Ma’ale Adumim contains about 39,000 people; Ariel, with more than 18,000, extends in a long finger 20km into the West Bank, and the “municipal areas” which they claim extend far beyond the area currently built up. In total, there are now more than half a million Israeli Jews living east of the 1967 lines. The UN estimated in 2012 that there were 325,000 in the West Bank, and in 2011 that there were 192,000 in East Jerusalem; although it has not revised its published estimate, the totals have risen since. While some are there out of conviction that the land historically belongs to the Jews, others find the housing is cheaper, more convenient for work, or they just like it. The daily friction between the populations has constant explosive potential; the Office for the Coordination of Humanitarian Affairs, part of the UN secretariat, reports between around 350 and 400 incidents of settler violence a year against Palestinians, and in 2014, 11 Palestinians have been killed by Israeli Defence Force members in the West Bank.
The expansion of the settlements is the prime reason why Israel’s relations with many other countries are becoming more difficult, as they clearly are. Martin Indyk, Kerry’s envoy to the region, shocked the Israel lobby in May this year when he used a key speech to the pro-Israel Washington Institute to put considerable blame on the role of settlement expansion in the collapse of the peace talks. German leaders since the Second World War have had a sense of intimate commitment to Israel but Chancellor Angela Merkel, who has repeatedly called for a full halt to settlements expansion, said in February in Israel that “we are looking at the settlements issue with grave concern.”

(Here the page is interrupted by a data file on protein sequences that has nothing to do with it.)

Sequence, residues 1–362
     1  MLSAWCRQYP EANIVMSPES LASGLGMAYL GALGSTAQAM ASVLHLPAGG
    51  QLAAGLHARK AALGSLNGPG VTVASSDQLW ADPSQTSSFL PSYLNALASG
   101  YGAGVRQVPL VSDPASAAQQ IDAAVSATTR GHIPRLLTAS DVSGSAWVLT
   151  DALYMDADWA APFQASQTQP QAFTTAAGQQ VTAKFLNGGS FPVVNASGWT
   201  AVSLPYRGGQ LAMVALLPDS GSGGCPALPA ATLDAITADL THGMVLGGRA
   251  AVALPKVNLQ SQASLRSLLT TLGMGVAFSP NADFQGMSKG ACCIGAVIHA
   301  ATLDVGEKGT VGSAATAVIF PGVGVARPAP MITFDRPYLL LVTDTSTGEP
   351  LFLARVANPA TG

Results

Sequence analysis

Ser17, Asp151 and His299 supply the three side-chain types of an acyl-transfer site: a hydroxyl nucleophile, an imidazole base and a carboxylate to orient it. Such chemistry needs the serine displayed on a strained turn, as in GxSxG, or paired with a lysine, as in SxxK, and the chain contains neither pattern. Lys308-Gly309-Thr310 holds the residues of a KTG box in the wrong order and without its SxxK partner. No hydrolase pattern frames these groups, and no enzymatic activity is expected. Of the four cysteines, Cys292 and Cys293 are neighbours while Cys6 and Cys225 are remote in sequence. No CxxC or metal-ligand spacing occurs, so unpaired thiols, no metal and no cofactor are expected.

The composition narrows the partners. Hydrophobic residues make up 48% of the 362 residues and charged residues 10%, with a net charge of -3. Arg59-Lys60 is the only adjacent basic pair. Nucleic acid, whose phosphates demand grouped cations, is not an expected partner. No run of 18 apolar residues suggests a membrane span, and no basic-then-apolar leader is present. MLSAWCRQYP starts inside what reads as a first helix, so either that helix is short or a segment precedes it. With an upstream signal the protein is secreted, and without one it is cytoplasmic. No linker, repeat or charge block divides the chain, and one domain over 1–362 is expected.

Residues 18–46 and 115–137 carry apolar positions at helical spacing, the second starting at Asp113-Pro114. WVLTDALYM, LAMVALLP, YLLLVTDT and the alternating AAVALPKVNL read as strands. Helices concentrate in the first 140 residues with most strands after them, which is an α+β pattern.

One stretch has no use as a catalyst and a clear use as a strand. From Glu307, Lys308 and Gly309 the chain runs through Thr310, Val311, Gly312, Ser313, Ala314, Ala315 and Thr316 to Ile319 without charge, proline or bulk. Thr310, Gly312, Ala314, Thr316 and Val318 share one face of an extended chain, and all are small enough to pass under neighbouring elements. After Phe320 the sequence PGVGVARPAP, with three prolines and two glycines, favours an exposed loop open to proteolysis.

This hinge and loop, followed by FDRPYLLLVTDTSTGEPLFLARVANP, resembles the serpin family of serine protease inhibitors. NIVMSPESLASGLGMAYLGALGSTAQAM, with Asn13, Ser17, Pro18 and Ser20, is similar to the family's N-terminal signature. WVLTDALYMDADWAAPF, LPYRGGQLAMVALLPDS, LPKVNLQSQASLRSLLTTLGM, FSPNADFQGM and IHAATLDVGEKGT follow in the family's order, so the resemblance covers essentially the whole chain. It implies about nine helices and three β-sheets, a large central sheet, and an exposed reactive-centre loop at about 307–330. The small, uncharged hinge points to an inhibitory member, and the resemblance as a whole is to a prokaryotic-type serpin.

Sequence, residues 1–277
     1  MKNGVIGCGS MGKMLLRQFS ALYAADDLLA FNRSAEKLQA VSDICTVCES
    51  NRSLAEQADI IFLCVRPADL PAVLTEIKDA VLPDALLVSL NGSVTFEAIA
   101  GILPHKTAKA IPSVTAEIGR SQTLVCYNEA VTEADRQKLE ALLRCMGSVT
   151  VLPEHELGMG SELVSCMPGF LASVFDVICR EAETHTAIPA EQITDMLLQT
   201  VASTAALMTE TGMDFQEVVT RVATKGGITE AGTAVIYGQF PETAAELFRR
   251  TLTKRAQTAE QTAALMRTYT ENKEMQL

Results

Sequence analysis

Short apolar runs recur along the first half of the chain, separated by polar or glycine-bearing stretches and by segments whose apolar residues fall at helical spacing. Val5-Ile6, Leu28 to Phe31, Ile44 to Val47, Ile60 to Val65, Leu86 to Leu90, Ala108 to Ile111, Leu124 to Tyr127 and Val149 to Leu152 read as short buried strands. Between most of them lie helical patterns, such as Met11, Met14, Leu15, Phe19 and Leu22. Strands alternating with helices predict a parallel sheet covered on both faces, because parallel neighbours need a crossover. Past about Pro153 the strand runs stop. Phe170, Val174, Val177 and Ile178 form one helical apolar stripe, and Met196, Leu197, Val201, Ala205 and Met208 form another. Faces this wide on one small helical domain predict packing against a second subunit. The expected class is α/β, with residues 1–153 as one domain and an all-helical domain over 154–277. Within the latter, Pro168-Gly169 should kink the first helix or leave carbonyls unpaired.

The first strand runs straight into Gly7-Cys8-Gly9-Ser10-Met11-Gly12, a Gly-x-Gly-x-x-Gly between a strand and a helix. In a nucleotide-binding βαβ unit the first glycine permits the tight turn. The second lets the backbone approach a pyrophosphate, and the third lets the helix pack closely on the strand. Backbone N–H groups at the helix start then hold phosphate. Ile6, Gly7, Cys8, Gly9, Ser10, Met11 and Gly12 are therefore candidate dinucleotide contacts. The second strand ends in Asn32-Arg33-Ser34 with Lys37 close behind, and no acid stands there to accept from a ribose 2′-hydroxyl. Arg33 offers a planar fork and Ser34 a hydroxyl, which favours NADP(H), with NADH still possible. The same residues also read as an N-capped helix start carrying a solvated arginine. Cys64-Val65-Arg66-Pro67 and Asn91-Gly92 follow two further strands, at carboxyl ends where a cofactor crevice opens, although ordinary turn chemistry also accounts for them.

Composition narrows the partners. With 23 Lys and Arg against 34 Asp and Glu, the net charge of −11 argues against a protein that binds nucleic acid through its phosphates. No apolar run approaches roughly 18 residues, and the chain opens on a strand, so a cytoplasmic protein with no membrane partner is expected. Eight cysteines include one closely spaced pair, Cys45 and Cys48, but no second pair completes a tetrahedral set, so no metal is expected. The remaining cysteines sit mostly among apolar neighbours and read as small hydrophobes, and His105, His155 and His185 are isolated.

The Israeli settlement of Har Home. More than half a million Israelis live east of the 1967 line. © Baz Ratner/Reuters
In the UK, William Hague, the Foreign Secretary, has made it one of his most prominent themes. In April 2012, he said: “We and our EU partners are clear: systematic, illegal Israeli settlement activity poses the most significant and live threat to the viability of the two-state solution.” In late 2012 when Netanyahu announced his intention to build on E1, a particularly controversial hilltop east of Jerusalem, Hague was on the phone in minutes to Laurent Fabius, his French counterpart, to plan a coordinated response. In Israel in May last year, Hague said that “Israel has lost some of its support in Britain and in other European countries over time—this is something I’ve often pointed out to Israeli leaders—because of settlement activity, which we condemn.” The EU last year published guidelines restricting the issuing of grants, loans or prizes to entities with a presence in occupied Palestinian territories, and in December, UK Trade & Investment, a non-ministerial government department that promotes business abroad, published a warning to companies of the “legal and economic risks” of doing business with settlements, as well as “potential reputational implications.”